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Decade's Best: William Lloyd's Record Whitetail

2018 Arkansas typical whitetail came from waterfowl land and scored 200+ points.

Decade's Best: William Lloyd's Record Whitetail

William Lloyd’s 2018 Arkansas typical white-tailed buck was scored 200-plus points by Boone & Crockett. (Photo courtesy of William Lloyd)

There have been a lot of “Best of the Decade” stories in recent days discussing what made the “20-Teens” decade so special.

In the whitetail world, one of those stories is easy — the massive 327 7/8-inch non-typical buck from Illinois that was taken by Virginia bowhunter Luke Brewster in Nov. 2018.  As the largest hunter-harvested whitetail of all-time, and the third largest non-typical ever recorded by the Boone and Crockett Club, the Brewster Buck is easily in that “Best of Decade” story.

But what about the typical side of the B&C ledger? Well, as impressive as Brewster’s huge buck happens to be, equally impressive is a typical buck from the Deep South that didn’t receive the same fanfare that the big non-typical from Illinois did. But it should have.

Historic typical whitetail

Because when it comes to typical whitetails, a massive buck taken in December 2018 by 49-year old homebuilder William Lloyd of Wynne, Ark. is the top typical of the decade, sporting a gross score of 208 7/8 inches and a net score of 200 1/8 inches. With those numbers, the Lloyd buck is poised — pending future panel scoring — to become the new Arkansas state record, the biggest buck ever taken in the Deep South, the 17th buck netting more than 200 inches in B&C history, and the best typical whitetail anywhere during the past decade!

Not bad for a hunt that took place in eastern Arkansas, a river bottom and delta region that harbors some of the best hunting in the world … for waterfowl.

William Lloyd Buck
(Photo courtesy of William Lloyd)

In fact, because of the clouds of green-timber mallards and rice-field snow geese that hover over the Grand Prairie grounds lying in the Mississippi River Delta country between Memphis and Little Rock, few hunters think of the same region for world-class whitetails.

But as Lloyd proved, the region is certainly worthy of a visit from deer hunters interested in record-book-sized whitetail headbones. He should know, having come to the region’s surprisingly good deer hunting pastime at an early age.

“I guess I’ve been deer hunting almost forever, my whole life really,” he said. “My dad taught me how to deer hunt.”

But when his dad’s time on earth ended a few years ago, Lloyd admitted that his interest in the sport waned for just a bit.

“My dad died in 2016, and I didn’t really hunt,” he said. “In fact, I kind of lost interest in it for a couple of years and skipped ’17.”

Revealing shed find

But his interest was rekindled in 2018 as he became aware of a giant whitetail roaming an area a couple of counties south of where he lives. In his words, after seeing proof of the deer, he figured this was a buck certainly “worth hunting.”

“I knew about the deer from a guy in Wynne, crop consultant, who walked the fields down there,” said Lloyd. “He found a shed back in 2016 and eventually, he showed it to me.”


The sight of that shed gave Lloyd the boost he needed to dive back into deer hunting. After talking to others, he found himself in Lee County, Arkansas, hoping to find a hunting spot in the area the buck frequented. When he knocked on the door of a local farmer with a moderate amount of acreage, the reenergized hunter was in business.

“It was only 160 acres that I was hunting and there were no woods — only beans and grass,” said Lloyd. “I was close enough to the woods where the deer were, but I didn’t have permission to hunt in the woods.”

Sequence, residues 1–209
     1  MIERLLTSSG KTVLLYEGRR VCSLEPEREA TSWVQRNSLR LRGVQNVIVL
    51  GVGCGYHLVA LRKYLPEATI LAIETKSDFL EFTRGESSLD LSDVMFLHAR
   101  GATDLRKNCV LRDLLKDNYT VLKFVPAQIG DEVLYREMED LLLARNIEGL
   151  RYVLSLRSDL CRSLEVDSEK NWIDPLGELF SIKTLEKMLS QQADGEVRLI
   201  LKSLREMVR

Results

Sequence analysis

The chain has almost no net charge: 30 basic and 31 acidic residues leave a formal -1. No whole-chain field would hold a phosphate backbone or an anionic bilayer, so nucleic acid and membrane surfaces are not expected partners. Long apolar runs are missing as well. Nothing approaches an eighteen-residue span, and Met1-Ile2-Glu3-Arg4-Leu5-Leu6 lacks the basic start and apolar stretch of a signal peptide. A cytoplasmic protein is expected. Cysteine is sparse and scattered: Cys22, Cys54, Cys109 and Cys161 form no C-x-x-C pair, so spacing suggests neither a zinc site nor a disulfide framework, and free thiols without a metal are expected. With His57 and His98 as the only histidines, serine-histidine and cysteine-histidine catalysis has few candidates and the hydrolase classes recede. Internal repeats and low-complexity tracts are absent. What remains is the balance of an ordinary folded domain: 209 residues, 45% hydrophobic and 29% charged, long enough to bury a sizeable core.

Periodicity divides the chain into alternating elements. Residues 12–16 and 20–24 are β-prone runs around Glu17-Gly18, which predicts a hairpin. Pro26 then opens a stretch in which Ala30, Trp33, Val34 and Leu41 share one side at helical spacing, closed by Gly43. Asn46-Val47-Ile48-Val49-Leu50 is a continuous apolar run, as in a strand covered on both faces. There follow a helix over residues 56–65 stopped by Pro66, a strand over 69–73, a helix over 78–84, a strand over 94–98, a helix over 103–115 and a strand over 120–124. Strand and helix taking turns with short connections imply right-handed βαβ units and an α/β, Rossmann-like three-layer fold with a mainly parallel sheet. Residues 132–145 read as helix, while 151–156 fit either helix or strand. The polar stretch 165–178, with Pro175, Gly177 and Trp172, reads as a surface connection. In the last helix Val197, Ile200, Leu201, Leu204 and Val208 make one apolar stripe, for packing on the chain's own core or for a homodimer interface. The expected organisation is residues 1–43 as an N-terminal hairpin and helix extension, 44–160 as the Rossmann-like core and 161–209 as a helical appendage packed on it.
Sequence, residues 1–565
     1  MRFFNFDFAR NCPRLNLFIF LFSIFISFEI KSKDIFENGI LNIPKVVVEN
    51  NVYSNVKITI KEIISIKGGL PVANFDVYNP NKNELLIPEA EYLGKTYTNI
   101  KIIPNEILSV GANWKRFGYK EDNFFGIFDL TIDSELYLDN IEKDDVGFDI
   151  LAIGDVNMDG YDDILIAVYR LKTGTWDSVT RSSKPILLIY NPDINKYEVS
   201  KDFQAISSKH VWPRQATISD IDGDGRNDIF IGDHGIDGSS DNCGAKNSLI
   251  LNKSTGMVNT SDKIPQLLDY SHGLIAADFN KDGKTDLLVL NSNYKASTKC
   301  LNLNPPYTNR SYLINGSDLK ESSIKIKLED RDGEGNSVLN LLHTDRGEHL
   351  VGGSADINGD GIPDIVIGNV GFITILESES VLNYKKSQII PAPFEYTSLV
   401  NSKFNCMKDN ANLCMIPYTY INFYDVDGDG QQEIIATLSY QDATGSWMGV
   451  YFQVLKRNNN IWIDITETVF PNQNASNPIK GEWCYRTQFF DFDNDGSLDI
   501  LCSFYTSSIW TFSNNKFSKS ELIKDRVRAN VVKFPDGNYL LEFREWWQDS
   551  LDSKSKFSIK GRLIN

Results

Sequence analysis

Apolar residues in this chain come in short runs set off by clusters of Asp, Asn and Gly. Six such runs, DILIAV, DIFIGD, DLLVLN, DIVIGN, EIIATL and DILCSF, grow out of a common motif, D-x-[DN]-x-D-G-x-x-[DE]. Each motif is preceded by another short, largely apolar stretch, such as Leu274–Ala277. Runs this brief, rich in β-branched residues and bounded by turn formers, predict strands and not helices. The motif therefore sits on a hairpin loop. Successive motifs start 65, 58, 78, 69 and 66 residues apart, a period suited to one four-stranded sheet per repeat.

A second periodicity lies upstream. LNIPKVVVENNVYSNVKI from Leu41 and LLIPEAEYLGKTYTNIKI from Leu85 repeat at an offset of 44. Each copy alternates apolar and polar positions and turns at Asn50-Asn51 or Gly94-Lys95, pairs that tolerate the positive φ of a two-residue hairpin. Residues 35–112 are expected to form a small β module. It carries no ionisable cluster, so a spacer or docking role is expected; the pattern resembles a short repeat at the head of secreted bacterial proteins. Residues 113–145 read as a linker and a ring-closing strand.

Waterfowling paradise

As the autumn season unfolded in 2018, El Nino-fueled rains left the region awash in water, something that isn’t surprising in a delta region known for its world-class waterfowl hunting.

“Arkansas was so wet, a lot of those beans didn’t get cut,” said Lloyd. “In fact, the spot I was hunting was a draw of sorts, and it held as much as six inches of water, so the farmer couldn’t get in there to cut them.”

While that certainly hurt agricultural interests in the region, it actually helped waterfowlers and deer hunters since the waterfowl that flood into the area and the whitetails that cruise the woodlots around local rice and soybean fields were able to find plenty of food.

As the prime days of the 2018 season began to approach, Lloyd started hunting seriously, spending a lot of time there in November and early December.

“On my second trip, he came out on me one afternoon,” said the hunter. “But he was too far for a shot, being on the other end of the bean field about 500 yards away from me. That was farther than I felt comfortable trying to shoot.”

Besides, Lloyd had an ace up his sleeve – the rut.

“There were two does near me and with the rut going on, I thought he’d come my way,” he said. “A few minutes later, though, he went back into the woods and I didn’t see him again that day. I thought I might have blown my chance.”

Day to remember

Hunting most days over the next couple of weeks, Lloyd was beginning to lose hope that he might tag the buck. But then cameDec. 3, 2018, when everything changed.

“There was really nothing out of the ordinary about that evening, it seemed the same as the rest of them,” said Lloyd, who said he got into place that day about 4:45 p.m. “The place I was hunting, about 80 acres of it was in beans and the other 80 acres was grown up into weeds. I backed off the beans, so I wasn’t sitting in the water, but tried to get as close I could get without getting wet. I was more or less sitting flat on the ground.”

Wearing Mossy Oak camouflage, Lloyd settled in for the afternoon sit, waiting to see what might happen. As he did, he clutched his TC Encore Pro single-shot rifle, a synthetic stock model with a 150-grain .300 Win Mag bullet in the chamber. As the hunt progressed, a light wind blew on the overcast afternoon with temps in the 40s — a cool afternoon bathed in flat light.

Suddenly, Lloyd received a jolt of energy and his heart raced into overdrive at the sight of the big deer he was after.

“He popped out in the nearly the same place I had seen him in earlier (in the season),” said the hunter. “He was only out for a few minutes, and then popped back into the woods. But this time, he came through the woods towards me, although I didn’t know that at the time.”

Another chance after miss